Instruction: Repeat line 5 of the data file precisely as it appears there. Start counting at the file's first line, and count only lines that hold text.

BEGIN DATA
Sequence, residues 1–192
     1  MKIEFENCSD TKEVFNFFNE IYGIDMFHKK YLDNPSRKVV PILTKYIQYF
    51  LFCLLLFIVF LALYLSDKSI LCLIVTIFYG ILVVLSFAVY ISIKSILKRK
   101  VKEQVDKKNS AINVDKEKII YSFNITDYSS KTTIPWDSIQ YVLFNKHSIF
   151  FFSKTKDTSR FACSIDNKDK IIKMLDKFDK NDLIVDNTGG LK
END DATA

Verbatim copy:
   151  FFSKTKDTSR FACSIDNKDK IIKMLDKFDK NDLIVDNTGG LK